Tracy Chapman is the only Black artist to have a solo writing credit on a No. 1 country song with “Fast Car,” initially released in 1988. So where is Tracy Chapman now?
American folk singer-songwriter Tracy Chapman has made headlines as the only Black woman to have a solo writing credit on a No. 1 country song at the 2023 CMAs on November 8. Her 1988 hit, “Fast Car,” gained renewed popularity this year after country singer Luke Combs’ cover of the song went viral.
Her debut album was an instant hit in the late ‘80s, propelling her into global fame in the early ‘90s. But things have been seemingly quiet for Chapman over the last 30-plus years until Luke Combs introduced a new generation to her songwriting. So where is Tracy Chapman now?
A private person by nature, Tracy Chapman doesn’t share much about her personal life. “Fast Car” became a Billboard Hot 100 hit in August 1988 and won a Grammy the following year. Chapman has won four Grammy awards altogether, including Best New Artist in 1989. Rolling Stone included “Fast Car” on their 2010 list of The Greatest Songs of All Time.
A song about dreaming of running away, “Fast Car” speaks to a lot of fans across generations, but Chapman’s own struggles made her the perfect writer for such a poignant track. Born in Cleveland, OH, in 1964, Chapman grew up during a time of high racial tensions, and she endured racial abuse often.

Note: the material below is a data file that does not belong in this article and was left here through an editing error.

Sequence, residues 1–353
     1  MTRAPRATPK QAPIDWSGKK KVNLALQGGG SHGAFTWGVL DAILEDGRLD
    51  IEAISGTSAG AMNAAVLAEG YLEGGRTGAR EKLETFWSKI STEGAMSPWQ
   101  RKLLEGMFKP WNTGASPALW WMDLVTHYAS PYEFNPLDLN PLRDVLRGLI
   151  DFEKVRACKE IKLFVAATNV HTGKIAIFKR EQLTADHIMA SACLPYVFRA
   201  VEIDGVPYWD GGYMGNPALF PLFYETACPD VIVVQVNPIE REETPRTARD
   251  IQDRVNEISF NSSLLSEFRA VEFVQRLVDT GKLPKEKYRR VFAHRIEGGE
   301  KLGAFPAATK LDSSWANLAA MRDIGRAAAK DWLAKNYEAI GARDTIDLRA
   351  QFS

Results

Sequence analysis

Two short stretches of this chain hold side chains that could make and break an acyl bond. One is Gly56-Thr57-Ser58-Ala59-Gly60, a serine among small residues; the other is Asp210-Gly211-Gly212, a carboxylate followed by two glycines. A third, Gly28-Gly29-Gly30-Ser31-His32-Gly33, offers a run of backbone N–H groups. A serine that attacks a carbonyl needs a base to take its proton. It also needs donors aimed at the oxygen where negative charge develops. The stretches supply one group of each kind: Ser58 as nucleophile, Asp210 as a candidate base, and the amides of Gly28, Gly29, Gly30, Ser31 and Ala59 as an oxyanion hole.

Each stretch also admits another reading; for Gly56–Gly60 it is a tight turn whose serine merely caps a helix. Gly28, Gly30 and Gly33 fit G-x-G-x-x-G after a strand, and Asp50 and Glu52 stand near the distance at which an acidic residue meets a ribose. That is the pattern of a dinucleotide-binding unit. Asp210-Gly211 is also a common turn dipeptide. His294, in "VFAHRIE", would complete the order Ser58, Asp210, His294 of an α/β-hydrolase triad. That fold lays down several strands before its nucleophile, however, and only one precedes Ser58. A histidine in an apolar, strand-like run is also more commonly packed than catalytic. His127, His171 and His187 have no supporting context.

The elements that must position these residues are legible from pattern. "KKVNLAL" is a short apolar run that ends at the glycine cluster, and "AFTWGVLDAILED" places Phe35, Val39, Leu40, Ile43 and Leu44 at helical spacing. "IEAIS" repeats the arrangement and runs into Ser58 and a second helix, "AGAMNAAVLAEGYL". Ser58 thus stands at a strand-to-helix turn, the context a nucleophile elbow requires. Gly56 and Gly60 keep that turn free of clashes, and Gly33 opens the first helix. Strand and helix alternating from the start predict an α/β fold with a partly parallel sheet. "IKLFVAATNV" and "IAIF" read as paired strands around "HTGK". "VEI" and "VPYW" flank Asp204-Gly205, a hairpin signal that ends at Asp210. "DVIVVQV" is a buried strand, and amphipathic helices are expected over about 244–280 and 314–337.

“The city had been forced to integrate the schools, so they were bussing Black children into white neighborhoods, and white children into Black neighborhoods, and people were upset about it, so there were race riots,” said Chapman in a 2008 interview with The Guardian.
Chapman said she “always loved school,” and saw education as her way out of Cleveland and “out of poverty.” She won a scholarship to a private boarding school in Connecticut at age 16 and attended Tufts University after graduation, studying anthropology with an emphasis on West African cultures.
Her mother had bought her a ukulele when she was three, and she began playing guitar and writing songs at age 8. After she finished school, Chapman signed a contract with Elektra Records and released her self-titled debut album, which sold 6 million copies in the US. Four of her eight studio albums are RIAA-certified platinum, while two are gold.
A political and social activist, Chapman has performed at numerous concerts for human rights campaigns, including the AIDS epidemic and the anti-apartheid movement in South Africa.
“I’m fortunate that I’ve been able to do my work and be involved in certain organizations, certain endeavors, and offered some assistance in some way,” said Chapman in 2002.
She has received honorary doctorates for her social activism from Saint Xavier University and her alma mater, Tufts University. In April 2023, the South African president provided Chapman with a National Order “for her contribution to the fight for freedom by participating in efforts to free Nelson Mandela and raising awareness of human rights violations globally.”
Tracy Chapman won Song of the Year for “Fast Car” on November 8 at the CMA Awards, 35 years after the song’s original release. Though she did not attend the ceremony, Chapman provided a statement read onstage by presenter Sara Evans.
“It’s truly an honor for my song to be newly recognized after 35 years of its debut,” her statement read. “Thank you to the CMAs and a special thanks to Luke and all of the fans of ‘Fast Car.’”
Fan response to her CMA win has been varied, with some troubled that it was Luke Combs, and not Chapman, who launched the song into the modern zeitgeist. But Chapman has voiced her support of Combs’ cover.
“I never expected to find myself on the country charts, but I’m honored to be there,” Chapman told Billboard of her recent CMA win. “I’m happy for Luke and his success, and grateful that new fans and found and embraced ‘Fast Car.’”